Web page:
Ricky Nolasco stepped to the mound sporting an Angels uniform Saturday night for what will almost assuredly be the last time. He wiggled his arm often and winced after each of the Seattle Mariners’ three extra-base hits.
In visuals and in its 51/3-inning length, the outing was perfectly typical of his 33 starts this season.
In terms of results, it was much better. He gave up only one run, allowing the Angels the opportunity to win and preserve the possibility of a .500 season. They squandered their chance in a 6-4 loss at Angel Stadium.
While Nolasco’s 4.92 earned-run average led to a lot of losses this season, he proved to be by far the team’s most durable starting pitcher. At 181 innings over 33 starts, he started nine more games and threw 34 more innings than any other Angel.
Those innings, of course, will need to be replaced. Most of what they will require rests within their organization, the Angels believe. General manager Billy Eppler said Saturday that he counts eight pitchers under team control who can formulate much of his team’s 2018 rotation.
“Obviously, a lot of them already have pitched in major league games,” Eppler said. “And then you add Jaime Barria into that mix as a guy that could come in.”
Barria rose from Class A to triple A this season. Scouts consider him a safe bet to settle into a long-term role at the back of a big league rotation. But he turned 21 in July, and three of the other seven starters are currently hurt. Plus, there is the inevitability of attrition. History says some of those pitchers will get hurt within the next year.
“It’d be great to go through an entire season and not use more than eight starters,” Eppler said. “Generally, though, you’re gonna have some spot starts in there.”
To accrue additional depth, he described a plan to “continue to stay active in minor league free agency, waiver wires and smaller trades.” One key was welcoming back Richards in September, when his five-start stint assured the Angels they can count on him next year.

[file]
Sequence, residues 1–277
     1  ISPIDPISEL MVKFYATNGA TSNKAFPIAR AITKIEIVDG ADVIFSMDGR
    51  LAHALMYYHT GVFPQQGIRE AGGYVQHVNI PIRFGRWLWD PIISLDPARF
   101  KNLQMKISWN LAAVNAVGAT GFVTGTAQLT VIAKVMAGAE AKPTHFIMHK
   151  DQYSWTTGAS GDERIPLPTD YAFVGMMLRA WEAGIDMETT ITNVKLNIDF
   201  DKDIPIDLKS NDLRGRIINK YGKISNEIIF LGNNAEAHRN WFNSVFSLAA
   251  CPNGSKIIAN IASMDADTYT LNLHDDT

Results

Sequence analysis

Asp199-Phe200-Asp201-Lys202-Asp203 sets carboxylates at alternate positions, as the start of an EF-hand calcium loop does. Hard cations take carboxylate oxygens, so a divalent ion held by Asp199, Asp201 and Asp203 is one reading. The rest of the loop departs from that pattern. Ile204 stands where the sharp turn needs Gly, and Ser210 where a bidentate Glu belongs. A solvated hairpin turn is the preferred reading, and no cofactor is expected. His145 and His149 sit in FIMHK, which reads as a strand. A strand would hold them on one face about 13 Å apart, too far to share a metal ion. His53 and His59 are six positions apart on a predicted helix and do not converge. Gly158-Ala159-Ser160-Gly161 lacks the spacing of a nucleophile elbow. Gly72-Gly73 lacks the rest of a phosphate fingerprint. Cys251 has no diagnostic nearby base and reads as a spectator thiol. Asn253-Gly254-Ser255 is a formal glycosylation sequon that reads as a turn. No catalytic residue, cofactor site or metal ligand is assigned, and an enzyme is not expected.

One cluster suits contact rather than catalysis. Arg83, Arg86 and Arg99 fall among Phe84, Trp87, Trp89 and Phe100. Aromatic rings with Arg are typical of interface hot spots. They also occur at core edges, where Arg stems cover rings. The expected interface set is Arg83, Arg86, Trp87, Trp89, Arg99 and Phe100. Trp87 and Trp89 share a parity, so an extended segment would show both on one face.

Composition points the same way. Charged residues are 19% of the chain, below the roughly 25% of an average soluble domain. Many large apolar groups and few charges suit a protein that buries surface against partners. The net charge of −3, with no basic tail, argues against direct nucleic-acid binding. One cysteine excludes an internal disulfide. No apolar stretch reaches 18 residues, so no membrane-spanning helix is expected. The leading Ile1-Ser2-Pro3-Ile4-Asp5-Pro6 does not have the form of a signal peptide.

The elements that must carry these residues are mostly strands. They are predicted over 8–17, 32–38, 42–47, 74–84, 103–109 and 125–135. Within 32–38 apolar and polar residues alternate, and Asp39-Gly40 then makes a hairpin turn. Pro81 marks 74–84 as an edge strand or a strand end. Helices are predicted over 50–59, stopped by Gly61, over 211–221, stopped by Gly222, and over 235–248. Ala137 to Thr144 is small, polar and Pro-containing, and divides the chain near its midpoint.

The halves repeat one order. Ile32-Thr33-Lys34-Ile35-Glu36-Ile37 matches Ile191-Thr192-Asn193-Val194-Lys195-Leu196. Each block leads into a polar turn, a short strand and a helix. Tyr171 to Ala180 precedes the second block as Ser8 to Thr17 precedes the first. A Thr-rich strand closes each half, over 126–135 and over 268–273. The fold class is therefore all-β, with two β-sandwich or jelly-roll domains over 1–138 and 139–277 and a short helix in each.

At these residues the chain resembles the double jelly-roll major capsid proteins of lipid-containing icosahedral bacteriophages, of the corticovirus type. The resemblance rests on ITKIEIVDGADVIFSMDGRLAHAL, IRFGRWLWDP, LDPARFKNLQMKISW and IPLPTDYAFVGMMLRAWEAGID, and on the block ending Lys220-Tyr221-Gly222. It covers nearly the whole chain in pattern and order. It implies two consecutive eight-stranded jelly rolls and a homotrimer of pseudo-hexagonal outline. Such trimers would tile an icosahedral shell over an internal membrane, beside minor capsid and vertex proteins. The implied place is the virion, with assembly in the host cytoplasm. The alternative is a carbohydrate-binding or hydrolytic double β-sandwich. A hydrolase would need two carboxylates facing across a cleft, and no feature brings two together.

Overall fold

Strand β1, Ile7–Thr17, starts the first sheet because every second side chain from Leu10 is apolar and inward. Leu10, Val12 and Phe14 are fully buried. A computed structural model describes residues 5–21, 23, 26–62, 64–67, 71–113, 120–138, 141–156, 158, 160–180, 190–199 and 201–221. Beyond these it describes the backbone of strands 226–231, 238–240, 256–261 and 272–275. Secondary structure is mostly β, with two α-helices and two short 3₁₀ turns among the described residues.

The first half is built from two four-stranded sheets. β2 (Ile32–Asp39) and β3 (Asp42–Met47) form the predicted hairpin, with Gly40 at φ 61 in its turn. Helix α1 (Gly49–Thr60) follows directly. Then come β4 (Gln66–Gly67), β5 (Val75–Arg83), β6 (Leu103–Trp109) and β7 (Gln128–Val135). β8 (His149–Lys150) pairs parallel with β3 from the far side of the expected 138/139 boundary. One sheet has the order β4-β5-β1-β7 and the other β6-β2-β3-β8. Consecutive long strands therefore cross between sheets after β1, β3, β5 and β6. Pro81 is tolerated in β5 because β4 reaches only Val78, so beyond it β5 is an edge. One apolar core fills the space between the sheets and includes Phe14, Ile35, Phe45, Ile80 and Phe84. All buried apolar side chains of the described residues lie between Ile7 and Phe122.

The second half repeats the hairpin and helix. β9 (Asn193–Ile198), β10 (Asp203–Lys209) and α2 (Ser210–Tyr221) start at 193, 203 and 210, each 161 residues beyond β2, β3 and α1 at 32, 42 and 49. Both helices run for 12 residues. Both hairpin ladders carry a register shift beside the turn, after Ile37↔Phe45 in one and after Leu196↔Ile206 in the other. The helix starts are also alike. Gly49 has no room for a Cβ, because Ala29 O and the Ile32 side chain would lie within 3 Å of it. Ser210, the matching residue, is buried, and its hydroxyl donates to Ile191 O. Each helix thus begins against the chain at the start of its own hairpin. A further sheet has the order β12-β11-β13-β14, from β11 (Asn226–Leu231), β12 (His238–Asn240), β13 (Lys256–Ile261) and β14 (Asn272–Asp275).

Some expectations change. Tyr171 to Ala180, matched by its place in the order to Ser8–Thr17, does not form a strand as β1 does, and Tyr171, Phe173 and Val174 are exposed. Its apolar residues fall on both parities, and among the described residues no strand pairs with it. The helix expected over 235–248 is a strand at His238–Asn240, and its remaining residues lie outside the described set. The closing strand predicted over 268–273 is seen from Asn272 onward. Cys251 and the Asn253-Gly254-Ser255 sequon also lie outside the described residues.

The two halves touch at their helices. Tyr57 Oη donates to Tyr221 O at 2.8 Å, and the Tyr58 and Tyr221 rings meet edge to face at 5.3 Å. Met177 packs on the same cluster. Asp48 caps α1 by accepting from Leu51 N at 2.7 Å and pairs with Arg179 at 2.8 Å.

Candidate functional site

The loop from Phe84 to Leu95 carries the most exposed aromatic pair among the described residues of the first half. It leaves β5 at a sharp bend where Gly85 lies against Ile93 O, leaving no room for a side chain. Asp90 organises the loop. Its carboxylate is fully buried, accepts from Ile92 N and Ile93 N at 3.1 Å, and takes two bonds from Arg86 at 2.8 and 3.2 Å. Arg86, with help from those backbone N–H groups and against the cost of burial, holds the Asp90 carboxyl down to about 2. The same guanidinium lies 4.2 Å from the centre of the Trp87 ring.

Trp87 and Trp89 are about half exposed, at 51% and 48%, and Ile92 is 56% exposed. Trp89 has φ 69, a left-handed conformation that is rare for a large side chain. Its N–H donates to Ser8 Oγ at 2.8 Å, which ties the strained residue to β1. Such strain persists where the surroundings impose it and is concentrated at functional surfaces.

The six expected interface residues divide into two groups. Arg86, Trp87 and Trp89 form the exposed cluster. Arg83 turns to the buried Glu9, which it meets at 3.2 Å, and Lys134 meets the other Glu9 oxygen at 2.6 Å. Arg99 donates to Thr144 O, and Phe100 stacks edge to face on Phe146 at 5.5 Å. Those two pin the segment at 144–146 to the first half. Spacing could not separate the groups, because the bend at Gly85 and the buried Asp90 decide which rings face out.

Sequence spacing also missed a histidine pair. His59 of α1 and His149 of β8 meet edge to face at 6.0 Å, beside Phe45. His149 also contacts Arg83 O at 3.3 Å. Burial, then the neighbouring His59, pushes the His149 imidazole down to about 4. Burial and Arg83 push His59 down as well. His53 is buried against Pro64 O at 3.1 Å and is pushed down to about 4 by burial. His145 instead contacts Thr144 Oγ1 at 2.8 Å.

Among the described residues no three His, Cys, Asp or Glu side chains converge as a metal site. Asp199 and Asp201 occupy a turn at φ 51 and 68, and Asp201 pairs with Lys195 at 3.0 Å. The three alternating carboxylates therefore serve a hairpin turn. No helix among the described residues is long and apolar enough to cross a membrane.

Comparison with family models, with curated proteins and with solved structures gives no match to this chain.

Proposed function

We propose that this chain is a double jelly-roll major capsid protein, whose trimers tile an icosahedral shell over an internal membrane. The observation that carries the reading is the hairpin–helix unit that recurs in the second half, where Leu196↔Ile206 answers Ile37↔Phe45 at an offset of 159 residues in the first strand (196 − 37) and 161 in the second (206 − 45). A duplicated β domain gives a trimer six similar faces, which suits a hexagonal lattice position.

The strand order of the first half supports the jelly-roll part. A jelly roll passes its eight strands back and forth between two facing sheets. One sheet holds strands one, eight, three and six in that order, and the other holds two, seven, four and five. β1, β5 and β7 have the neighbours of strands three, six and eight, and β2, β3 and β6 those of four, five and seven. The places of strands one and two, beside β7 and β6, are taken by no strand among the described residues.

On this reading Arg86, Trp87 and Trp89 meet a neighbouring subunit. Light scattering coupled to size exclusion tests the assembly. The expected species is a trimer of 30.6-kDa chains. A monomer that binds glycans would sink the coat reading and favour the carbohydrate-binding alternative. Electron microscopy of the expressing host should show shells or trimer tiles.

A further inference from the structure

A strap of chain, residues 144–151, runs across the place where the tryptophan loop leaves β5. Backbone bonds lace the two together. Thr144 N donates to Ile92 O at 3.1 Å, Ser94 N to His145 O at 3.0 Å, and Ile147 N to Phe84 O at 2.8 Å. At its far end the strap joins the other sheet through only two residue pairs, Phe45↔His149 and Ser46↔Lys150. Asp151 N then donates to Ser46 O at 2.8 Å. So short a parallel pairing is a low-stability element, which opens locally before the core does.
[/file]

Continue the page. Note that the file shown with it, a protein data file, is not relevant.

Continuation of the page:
“It’s a lot more comforting to have him make these starts and feel good,” Eppler said, “and have the purity of his stuff be intact as well.”
Regarding the bullpen, Eppler named four relievers under team control who will enter 2018 in the “high-leverage bucket.” The four: Blake Parker, Blake Wood, Cam Bedrosian and Keynan Middleton. The latter two were drafted and developed by the Angels. Parker and Wood were claimed off of waivers over the last nine months.
Eppler and his staff have found success with such small-time claims. Signed to a minor league contract in February, reliever Yusmeiro Petit won the team’s pitcher of the year award. Similar moves would be a boon for 2018.
“It’s hard to say whether that’s replicable or not,” Eppler said.
The Angels announced an attendance of 38,075 for Saturday’s Fan Appreciation Day. … For the Angels’ four runs, Kole Calhoun homered, Albert Pujols and Luis Valbuena drove in runs with outs, and Valbuena later drove in a run with a double. Mike Trout threw a man out at home in the first inning for his fifth assist of 2017. … The Angels honored the players’ choices for the club’s most valuable player and pitcher in a pregame ceremony Saturday. Petit won for pitching, Trout and Andrelton Simmons split the MVP trophy. … The Angels’ first-round pick placement in the 2018 MLB draft is still subject to change after Sunday’s outcomes.
Follow Pedro Moura on Twitter @pedromoura